In the above-described embodiment, while the remote controller is designed to transmit and receive infrared ray having an optical intensity modulated by base band data, the present invention is by no means limited thereto and the remote controller may be so designed as to transmit and receive infrared ray having an optical intensity modulated by the carrier with 30 to 50 kHz that is in turn modulated by data. Furthermore, the infrared ray may be replaced by ultrasonic waves or radio waves.

As explained hereinabove, according to the invention, a conventional controlled equipment can be controlled unidirectionally in the prior art manner when it transmits a remote control signal in a data format MODE 0 designed to transmit/receive signals in the prior art remote control system. On the other hand, the controlled equipment is switched to the reception mode in an interrupt artibration period if a remote controller of a remote control system according to the invention is transmitting a signal when the controlled equipment transmits a remote control signal in the data format MODE II having a fictional upper compatibility with a remote control signal in the data format MODE I so that the transmitting party determines the status implied by the reception interrupt code and the contents of the data the transmitting party is trying to send by means of a signal and decides if it should continue the transmission or communicate with the interrupting party to transmit an acknowledge code or non-acknowledge code depending on its decision. Thus, the controlled equipment is allowed to carry out an operation of processing the received signal according to the acknowledge code or the non-acknowledge code and the priority level of the priority interrupt code it receives during the interrupt arbitration period and the remote controllers can bidirectionally control the related controlled devices.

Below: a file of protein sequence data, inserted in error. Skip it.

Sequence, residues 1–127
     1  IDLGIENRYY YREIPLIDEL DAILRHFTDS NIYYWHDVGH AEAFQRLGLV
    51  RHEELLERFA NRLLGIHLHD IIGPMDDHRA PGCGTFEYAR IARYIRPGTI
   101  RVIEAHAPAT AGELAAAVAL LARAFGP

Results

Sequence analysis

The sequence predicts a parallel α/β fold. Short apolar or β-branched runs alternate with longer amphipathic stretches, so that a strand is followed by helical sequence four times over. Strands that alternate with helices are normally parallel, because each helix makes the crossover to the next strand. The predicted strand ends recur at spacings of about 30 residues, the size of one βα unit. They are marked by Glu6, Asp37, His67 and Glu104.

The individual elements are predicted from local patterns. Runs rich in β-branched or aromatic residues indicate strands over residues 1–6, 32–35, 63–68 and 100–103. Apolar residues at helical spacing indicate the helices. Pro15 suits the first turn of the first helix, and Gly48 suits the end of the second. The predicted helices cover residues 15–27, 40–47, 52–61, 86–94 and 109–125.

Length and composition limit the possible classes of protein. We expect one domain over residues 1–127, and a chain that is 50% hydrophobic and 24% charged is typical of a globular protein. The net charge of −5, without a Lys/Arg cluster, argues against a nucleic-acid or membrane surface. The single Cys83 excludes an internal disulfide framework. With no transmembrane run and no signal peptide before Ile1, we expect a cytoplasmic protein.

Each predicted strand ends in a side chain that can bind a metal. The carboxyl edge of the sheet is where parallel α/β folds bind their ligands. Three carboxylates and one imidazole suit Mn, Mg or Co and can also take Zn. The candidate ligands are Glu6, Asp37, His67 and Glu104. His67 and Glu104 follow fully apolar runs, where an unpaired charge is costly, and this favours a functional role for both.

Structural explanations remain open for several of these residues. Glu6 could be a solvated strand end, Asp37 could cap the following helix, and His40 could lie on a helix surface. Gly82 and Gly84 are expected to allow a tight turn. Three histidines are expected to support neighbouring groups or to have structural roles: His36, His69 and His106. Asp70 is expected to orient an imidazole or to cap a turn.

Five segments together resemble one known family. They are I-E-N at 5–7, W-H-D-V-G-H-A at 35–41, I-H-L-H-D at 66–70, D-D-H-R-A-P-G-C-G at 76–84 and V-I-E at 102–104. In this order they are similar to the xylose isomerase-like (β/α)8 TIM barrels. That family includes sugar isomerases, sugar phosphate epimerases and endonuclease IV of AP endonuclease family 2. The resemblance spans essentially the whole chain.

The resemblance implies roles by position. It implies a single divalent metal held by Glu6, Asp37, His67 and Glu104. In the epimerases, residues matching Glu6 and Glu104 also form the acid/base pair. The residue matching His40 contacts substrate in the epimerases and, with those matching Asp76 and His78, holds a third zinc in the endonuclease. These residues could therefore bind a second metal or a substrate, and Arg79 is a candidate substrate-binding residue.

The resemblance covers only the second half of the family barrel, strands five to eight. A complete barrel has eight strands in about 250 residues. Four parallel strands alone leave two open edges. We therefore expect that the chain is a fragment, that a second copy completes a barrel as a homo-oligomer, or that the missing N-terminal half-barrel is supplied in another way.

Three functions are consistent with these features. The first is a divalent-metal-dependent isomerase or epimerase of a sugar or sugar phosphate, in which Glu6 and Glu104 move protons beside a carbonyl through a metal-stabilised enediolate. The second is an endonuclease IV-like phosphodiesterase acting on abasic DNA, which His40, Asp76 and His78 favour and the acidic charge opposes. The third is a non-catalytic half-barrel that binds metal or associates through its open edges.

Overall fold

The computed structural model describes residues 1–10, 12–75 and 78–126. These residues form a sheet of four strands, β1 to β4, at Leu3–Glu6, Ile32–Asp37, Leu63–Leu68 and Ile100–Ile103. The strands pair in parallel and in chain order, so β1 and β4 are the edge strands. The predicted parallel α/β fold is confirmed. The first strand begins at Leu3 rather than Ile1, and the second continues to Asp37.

Additionally, since an interrupt arbitration period is provided in the data format, a third equipment can interrupt the current communication in order to exchange data with priority when the remote controller and the controlled equipment are exchanging data.

Still additionally, since an equipment controlled by a remote control signal in the prior art first data format MODE 0 does not respond to a remote control signal in the data format MODE II, equipment controlled by a remote control signal in the prior art first data format and those controlled by a remote control system can coexist under the same operating conditions. Thus, any of the controlled equipments can be selected by appropriately changing the transmission mode on the part of the transmitting party.

Furthermore, since it is possible to transmit and receive data having a transmissivity secured by a continuous data code portion in the mode MODE II, data can be transmitted in any bit pattern so that data with a HDLC protocol developed by local area network (LAN) can be transmitted and received. Thus, the telecommunication route determining procedure of highly sophisticated HDLC and a sophisticated arbitration procedure can be applied for the purpose of the present invention.

In addition, since each priority interrupt code is provided with a switching allowance time, the present invention can be used with low cost circuits that require a relatively long switching time. Furthermore, when a remote controller and a controlled equipment receive a plurality of equipment issue interrupt codes simultaneously, the remote controller and the controlled equipment can determine the interrupt code with the highest priority out of the received interrupt codes by means of a simple technique of logical OR operation.

Finally, it is possible to realize a highly reliable remote control operation that effectively prevents uncertain data transmitted from a point separated almost by the largest transmissible/receivable distance for signals from being received.

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Classifications
U.S. Classification340/12.22, 455/151.2, 370/213, 375/239, 398/107, 348/734, 341/176, 340/12.17, 340/9.17
International ClassificationG08C19/28, H04Q9/14, H04Q9/00, G08C15/00
Cooperative ClassificationG08C19/28, G08C15/00
European ClassificationG08C15/00, G08C19/28
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Year of fee payment: 4
Aug 25, 1997ASAssignment
Owner name: NEC CORPORATION, JAPAN
Free format text: ASSIGNMENT OF ASSIGNORS INTEREST;ASSIGNOR:ENOMOTO, TOSHIO;REEL/FRAME:008784/0092
Effective date: 19970819